There are many ways of coping with a problem. One of these is solution focused therapy. I used this approach in my work as a social worker. It is about focusing on the present and future instead of the past. The past though has made us what we are today, therefore is the solution focused approach too “glib”? Not if the focus is on strengths and resources. Sometimes the problem will never be solved so it is about living with it and having the resilience to manage the problem. Also, it is vital to develop coping mechanisms that “help” rather than “hinder” our individual growth and mental well-being.
If I concentrate on my strengths and utilise the resources I have, for example putting the knowledge I have into practice or changing my attitude to a person or situation, I will be better off. If I do this I am building my resilience and it is much easier to “bounce back” after disappointment, trauma, health issues, stress, relationship difficulties and loss in all its many forms. The higher our resilience the better we can cope with life, adapt to our circumstances and keep moving forward.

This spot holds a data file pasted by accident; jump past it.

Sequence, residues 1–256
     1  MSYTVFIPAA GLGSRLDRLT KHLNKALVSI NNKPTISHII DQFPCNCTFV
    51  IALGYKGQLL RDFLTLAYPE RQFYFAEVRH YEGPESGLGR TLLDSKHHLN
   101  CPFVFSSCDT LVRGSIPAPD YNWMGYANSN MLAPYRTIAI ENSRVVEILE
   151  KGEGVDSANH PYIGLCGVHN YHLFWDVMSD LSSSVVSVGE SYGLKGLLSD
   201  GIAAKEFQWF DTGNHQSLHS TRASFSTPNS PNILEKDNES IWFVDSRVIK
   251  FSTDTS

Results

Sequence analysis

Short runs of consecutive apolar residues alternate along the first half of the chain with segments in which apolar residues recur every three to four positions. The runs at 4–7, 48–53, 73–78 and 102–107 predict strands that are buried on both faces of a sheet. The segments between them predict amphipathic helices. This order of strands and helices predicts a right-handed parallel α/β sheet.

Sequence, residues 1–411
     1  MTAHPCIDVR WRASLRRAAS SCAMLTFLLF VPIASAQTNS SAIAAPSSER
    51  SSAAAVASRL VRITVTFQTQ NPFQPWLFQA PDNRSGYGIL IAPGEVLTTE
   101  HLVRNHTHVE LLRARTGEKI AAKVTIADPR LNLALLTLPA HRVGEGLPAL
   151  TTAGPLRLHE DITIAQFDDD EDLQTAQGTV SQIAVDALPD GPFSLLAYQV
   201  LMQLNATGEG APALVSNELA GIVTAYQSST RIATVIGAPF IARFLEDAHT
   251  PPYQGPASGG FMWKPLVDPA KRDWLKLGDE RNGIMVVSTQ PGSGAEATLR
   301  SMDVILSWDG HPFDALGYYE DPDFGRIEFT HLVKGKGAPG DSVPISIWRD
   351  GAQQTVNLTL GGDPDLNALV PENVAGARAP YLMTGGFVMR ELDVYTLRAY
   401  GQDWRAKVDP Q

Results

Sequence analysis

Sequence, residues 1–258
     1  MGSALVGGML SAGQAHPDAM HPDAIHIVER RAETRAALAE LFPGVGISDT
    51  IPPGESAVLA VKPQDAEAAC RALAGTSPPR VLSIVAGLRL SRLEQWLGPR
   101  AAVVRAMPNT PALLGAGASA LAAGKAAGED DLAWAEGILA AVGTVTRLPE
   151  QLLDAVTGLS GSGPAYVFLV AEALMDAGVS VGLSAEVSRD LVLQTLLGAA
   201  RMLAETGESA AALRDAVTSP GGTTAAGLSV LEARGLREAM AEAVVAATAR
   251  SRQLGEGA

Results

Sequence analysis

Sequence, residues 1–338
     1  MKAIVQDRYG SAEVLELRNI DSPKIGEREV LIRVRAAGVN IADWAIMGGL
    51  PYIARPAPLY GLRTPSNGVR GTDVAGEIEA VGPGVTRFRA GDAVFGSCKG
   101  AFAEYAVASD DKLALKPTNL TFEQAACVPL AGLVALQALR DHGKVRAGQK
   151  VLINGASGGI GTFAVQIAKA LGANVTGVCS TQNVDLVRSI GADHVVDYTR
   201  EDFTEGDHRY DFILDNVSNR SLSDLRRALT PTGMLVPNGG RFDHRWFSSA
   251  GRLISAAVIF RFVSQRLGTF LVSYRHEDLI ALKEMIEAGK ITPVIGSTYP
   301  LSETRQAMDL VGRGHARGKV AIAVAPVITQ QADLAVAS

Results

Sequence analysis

The “experts” tell us there are two ways we can respond to problems in life. There are adaptive coping mechanisms or maladaptive coping mechanisms. Maladaptive coping mechanisms include drinking too much, eating too much, gambling and social withdrawal. On the other hand, to strengthen resilience we must leave the maladaptive coping mechanisms behind and focus on the adaptive coping mechanisms.